Monday, September 27, 2010
Discusssion about parenting
So, let’s not talk about Bali, bali, bali for a second. Let’s take a different subject. Parenting, and all it’s high and low points, for example.
So, what do you do, when you are away for the weekend, in the North East of Bali, staying in a simple bamboo bungalow, with thatched roof, at the water’s edge, the waves so loud, there could be cause for complaint; the shower is a bamboo pipe coming out of the wall outside, but what more do you need? and the hammock on the front porch is in popular demand. Okay, so Bali is involved, just a little, the point being; you are in the middle of nowhere. It is night. You are a single parent, this weekend.
So, what do you do, if your eight year old, already well-known for stubbornness, who most certainly has a fever and is rocking back and forth, red-faced, tears dripping down his face, hands in his lap, moaning because he generally feels miserable, refuses your offer of a Panadol, which you know will, at least, bring his temperature down and help him sleep? Help you sleep.
First, you may try and explain in a soothing voice what the benefits are of taking a Panadol. You explain that, if he does not want to swallow, you can squash the tablet and mix it in water, to make it easier. You explain the disgusting taste, he is objecting to, only last a few seconds, if that, and that it seriously does not outweigh a night of sleep.
What do you do, when he still refuses?
“No, no, no”, he moans.
The bamboo bungalows stand close to each other. You hear your neighbors rustle.
When your eight-year old son wails;
“Are you going to force me, Mama?”
you can’t help but think of the scene in the movie Der Untergang (The Downfall) about the last ten days of Hitler and friends, in the bunker in Berlin, when Mrs Goebbels offers her ten children a deadly potion. One child looks her mother in the eye and asks if they really have to drink the potion.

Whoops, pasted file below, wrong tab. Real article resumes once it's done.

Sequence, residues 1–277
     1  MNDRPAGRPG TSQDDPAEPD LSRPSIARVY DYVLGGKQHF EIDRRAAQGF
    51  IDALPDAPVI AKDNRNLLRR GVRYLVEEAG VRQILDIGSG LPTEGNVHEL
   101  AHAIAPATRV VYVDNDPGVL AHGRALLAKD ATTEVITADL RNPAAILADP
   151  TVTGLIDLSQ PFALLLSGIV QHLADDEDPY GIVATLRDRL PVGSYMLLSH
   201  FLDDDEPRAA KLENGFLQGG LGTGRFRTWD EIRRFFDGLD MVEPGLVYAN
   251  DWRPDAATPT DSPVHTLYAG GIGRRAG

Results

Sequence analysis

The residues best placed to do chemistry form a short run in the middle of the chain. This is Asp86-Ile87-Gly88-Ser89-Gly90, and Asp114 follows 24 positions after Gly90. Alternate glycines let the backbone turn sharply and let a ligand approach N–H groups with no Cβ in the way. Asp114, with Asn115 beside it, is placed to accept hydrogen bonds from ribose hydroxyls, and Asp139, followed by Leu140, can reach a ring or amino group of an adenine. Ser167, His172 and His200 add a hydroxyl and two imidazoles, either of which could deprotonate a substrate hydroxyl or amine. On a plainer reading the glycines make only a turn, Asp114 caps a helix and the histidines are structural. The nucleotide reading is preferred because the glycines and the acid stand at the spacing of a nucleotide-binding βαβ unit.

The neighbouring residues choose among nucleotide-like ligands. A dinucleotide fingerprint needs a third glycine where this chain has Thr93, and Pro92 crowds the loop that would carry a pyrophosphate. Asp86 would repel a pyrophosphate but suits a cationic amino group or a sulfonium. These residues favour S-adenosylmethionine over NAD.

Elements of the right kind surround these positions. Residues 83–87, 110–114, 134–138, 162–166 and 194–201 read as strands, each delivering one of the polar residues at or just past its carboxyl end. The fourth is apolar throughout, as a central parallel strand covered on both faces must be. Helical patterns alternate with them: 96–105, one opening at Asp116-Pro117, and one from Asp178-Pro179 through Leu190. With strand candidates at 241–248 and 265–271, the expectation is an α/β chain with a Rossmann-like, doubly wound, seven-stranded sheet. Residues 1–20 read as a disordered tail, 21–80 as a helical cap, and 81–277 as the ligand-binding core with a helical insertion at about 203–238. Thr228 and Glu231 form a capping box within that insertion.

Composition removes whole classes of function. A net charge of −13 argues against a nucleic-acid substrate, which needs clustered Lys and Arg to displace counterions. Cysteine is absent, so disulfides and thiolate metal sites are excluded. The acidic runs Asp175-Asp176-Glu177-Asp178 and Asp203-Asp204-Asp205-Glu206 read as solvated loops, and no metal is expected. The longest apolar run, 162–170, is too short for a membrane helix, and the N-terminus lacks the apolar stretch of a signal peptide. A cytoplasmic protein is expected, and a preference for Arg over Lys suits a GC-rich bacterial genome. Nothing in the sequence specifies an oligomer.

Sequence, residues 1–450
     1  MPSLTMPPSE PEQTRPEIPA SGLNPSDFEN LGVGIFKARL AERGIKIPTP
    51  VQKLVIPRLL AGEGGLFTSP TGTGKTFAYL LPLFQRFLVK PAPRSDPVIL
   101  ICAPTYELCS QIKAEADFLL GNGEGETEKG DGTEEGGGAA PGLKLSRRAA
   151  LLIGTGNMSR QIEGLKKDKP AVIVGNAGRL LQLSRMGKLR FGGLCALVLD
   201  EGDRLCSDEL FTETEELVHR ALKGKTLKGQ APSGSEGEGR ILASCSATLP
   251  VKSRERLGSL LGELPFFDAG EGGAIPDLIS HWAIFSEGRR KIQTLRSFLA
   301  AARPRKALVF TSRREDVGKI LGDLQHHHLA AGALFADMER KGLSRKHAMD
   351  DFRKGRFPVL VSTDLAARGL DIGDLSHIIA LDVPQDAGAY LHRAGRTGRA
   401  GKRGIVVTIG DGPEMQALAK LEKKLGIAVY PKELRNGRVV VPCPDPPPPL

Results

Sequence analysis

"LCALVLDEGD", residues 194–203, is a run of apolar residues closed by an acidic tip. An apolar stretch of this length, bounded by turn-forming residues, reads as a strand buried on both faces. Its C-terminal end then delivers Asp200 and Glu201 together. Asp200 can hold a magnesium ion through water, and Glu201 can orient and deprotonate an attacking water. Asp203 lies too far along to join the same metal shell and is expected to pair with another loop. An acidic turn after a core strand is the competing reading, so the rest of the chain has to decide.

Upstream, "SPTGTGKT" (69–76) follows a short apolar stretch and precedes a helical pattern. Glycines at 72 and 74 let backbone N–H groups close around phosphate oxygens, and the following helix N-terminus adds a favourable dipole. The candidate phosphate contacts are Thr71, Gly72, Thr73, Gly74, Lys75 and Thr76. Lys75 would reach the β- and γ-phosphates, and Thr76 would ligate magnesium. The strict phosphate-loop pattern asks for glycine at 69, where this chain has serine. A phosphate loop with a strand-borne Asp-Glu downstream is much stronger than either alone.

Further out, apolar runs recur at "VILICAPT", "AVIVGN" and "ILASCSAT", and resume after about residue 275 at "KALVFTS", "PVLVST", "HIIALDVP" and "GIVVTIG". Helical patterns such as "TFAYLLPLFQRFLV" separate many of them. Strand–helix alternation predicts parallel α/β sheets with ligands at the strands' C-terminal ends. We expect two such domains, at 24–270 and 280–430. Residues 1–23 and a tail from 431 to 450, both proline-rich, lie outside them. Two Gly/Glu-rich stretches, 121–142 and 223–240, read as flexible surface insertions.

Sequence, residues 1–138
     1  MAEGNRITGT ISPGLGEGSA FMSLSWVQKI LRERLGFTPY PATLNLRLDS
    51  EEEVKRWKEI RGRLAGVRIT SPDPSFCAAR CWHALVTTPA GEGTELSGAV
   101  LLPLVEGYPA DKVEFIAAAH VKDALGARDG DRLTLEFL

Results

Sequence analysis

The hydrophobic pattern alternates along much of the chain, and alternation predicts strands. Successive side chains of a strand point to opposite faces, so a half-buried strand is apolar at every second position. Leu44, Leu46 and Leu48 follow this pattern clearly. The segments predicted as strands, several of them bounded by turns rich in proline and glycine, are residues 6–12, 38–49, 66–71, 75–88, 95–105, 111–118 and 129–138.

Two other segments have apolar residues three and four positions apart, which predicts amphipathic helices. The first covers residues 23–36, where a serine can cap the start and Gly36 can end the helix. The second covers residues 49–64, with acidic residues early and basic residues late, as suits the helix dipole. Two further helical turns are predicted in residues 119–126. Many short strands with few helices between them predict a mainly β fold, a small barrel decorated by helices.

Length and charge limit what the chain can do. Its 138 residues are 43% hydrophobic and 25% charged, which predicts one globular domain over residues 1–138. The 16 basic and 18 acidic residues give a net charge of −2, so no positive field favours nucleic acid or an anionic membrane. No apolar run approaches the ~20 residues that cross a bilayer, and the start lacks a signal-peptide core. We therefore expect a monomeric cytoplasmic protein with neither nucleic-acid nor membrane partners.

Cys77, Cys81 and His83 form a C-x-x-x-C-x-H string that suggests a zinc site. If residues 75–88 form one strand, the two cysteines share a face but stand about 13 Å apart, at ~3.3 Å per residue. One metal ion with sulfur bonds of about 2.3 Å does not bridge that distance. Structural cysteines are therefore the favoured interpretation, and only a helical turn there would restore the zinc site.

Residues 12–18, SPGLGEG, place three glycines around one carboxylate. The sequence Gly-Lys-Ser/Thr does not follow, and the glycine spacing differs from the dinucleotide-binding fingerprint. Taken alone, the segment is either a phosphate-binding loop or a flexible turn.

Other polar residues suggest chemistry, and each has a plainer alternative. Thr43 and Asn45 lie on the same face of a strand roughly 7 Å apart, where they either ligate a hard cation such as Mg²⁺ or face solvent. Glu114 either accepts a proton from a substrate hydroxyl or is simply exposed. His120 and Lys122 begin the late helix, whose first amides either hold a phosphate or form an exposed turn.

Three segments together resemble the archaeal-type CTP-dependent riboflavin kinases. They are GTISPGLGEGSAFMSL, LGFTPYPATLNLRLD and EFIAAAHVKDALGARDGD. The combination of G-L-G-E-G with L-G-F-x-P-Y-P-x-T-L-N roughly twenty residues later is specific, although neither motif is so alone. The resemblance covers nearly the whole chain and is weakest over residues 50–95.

“Yes” their mother says, stroking the child’s back, “drink up, my dear,” and the girl does just that, full of trust, because her mother says it is good for her.
That is how you remember it, anyway.
So what do you do?
When you feel his head, and it feels hotter than ever, actually it suddenly feels very, very hot to you, and you remember, but not quite clearly, there is an illness, a serious complication, that starts with a fever and a cough, which is often mistaken for flu - and suddenly you wonder what you will do if he becomes sicker during the night, and you see yourself waking the resort management and finding a driver and driving three hours to the nearest hospital.
Remember, there is no second parent to put all this into perspective.
“Yes, I am going to force you”; you might say, pushing Mrs Goebbels out of your mind.
“You must take it! “ a little loud, perhaps. (this may be the moment your five year old moves to the bed upstairs to sleep on her own.)
And then, when he starts no, no, no-ing again, rocking back and forth, a little faster, you may say that he is so hot now, it is dangerous. If his temperature does not drop, you will have to take him to the hospital.
This may persuade him. He may drink the mango juice, you have managed to find, mixed with a crushed Panadol and lie down, defeated, after you hugged him tight, saying: “Thank you, good boy, thank you”. (This may be when you hear a five-year old cheer from above.) Your son may fall asleep very soon after that.
The next morning your eight-year old could feel better, although the hospital may still haunt him and he spends the rest of the day asking about that, and what happens if a fever gets too high. You may have caused something, you realize, perhaps the beginnings of a fine hypochondriac.
So, what would you do?
With love S1